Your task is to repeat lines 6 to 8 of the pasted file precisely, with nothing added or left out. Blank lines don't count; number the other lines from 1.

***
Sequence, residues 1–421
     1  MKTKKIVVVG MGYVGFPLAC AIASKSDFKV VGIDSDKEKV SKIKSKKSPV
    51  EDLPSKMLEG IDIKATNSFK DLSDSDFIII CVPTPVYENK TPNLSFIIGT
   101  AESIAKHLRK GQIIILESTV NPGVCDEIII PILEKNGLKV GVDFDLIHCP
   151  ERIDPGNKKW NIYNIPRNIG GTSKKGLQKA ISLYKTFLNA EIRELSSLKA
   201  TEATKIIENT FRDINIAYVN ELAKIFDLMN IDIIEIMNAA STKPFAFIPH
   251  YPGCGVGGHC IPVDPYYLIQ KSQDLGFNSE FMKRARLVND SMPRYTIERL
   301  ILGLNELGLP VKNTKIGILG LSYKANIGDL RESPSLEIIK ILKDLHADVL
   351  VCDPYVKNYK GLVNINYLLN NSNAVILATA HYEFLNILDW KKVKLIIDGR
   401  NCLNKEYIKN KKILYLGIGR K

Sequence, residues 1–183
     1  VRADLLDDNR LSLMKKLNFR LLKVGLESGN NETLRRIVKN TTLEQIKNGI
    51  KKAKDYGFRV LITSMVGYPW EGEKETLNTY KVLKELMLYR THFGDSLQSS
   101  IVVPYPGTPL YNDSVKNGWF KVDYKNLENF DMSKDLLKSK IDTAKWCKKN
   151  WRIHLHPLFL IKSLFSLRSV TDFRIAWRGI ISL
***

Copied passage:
   201  TEATKIIENT FRDINIAYVN ELAKIFDLMN IDIIEIMNAA STKPFAFIPH
   251  YPGCGVGGHC IPVDPYYLIQ KSQDLGFNSE FMKRARLVND SMPRYTIERL
   301  ILGLNELGLP VKNTKIGILG LSYKANIGDL RESPSLEIIK ILKDLHADVL